Smoking Rates Halve Since 1970s In Britain, Report Says
November 30, 2014 05:24 PM EST
The number of smokers in Britain has more than halved in the past forty years, according to latest report.
According to data from the Office for National Statistics for 2013, one in five British people (19 per cent) smoke. By comparison, just under half (46 per cent) of the population were smokers in 1974.
The report suggested that campaigns highlighting the effects smoking can have on health are having an impact. However, the government has been urged not to slow down its drive to help people kick the habit of smoking - one of the biggest causes of death and serious illness in the UK.
"Smoking rates don't come down on their own. Successive government interventions such as tax rises, bans on advertising and smoke-free legislation have contributed to this downward trend. But smoking still causes around 100,000 deaths every year in the UK, increasingly in the most deprived sections of society," said George Butterworth, tobacco policy manager at Cancer Research UK, in the press release.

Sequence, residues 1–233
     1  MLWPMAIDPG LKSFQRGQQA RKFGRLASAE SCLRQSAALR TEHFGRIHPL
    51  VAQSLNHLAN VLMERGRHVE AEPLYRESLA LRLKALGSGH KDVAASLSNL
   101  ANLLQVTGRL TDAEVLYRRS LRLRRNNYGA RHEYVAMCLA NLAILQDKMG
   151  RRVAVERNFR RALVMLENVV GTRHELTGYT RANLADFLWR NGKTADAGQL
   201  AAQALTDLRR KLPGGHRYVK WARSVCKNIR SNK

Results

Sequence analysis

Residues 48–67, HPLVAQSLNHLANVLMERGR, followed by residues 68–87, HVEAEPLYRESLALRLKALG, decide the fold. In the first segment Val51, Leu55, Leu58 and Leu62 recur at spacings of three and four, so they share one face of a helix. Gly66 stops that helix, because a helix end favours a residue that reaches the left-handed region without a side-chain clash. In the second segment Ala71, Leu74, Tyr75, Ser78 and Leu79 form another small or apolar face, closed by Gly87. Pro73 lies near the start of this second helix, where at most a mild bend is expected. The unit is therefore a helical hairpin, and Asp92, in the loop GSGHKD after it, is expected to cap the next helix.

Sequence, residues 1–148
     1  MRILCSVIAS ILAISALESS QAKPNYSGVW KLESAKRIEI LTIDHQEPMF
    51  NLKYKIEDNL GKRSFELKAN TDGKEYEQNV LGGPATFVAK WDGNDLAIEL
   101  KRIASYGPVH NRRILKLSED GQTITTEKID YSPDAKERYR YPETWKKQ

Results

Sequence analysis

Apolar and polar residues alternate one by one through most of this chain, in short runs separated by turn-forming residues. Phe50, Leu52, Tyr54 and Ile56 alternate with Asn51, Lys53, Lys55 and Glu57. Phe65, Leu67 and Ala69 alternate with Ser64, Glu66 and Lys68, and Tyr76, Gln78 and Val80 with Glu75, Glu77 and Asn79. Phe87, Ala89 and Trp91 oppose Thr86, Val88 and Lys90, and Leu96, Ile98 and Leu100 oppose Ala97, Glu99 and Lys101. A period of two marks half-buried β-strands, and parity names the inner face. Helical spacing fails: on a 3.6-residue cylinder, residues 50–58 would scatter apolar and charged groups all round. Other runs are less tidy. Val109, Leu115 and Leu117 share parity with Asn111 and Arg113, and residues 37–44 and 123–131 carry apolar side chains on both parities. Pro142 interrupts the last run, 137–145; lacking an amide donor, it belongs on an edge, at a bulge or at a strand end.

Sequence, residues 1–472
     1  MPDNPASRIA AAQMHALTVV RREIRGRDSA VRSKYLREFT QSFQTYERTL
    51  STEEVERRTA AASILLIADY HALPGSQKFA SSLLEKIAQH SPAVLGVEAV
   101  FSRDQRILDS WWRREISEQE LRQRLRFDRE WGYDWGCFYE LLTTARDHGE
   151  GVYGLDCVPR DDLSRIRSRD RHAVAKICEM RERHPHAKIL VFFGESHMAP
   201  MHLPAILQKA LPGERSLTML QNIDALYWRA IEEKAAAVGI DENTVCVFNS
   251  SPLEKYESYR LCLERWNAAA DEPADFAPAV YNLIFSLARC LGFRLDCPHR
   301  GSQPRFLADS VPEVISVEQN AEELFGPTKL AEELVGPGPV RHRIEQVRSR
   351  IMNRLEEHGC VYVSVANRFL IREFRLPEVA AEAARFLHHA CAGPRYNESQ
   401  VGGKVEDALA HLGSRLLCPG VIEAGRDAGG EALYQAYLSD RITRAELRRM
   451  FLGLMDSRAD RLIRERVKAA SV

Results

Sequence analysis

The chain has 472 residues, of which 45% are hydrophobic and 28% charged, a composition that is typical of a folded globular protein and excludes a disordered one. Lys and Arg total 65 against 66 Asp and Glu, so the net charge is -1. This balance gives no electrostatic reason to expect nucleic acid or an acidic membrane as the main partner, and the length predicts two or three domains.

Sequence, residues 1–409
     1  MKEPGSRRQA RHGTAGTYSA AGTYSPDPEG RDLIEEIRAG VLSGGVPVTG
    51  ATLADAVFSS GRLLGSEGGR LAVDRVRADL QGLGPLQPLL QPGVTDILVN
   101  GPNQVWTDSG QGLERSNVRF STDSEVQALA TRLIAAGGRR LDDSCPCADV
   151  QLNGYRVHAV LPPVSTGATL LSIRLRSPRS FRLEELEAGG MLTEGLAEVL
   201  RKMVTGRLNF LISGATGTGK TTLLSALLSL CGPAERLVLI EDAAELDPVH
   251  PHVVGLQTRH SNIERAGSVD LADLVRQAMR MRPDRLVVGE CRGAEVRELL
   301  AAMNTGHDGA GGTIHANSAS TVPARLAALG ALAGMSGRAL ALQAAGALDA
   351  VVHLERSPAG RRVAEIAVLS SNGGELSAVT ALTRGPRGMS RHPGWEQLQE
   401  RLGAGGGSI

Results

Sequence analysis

"We urge the Government to maintain momentum by introducing standardised packaging with graphic health warnings and drab colors - to replace attractive, colorful branding of tobacco products."
"Half of all long-term smokers will die as a result of their tobacco addiction - and the tobacco industry's slick marketing is designed to keep up the number of people using their deadly products. Standardised packaging is an important step in making this lethal product less attractive to children."
The report can be read online on Office for National Statistics website.
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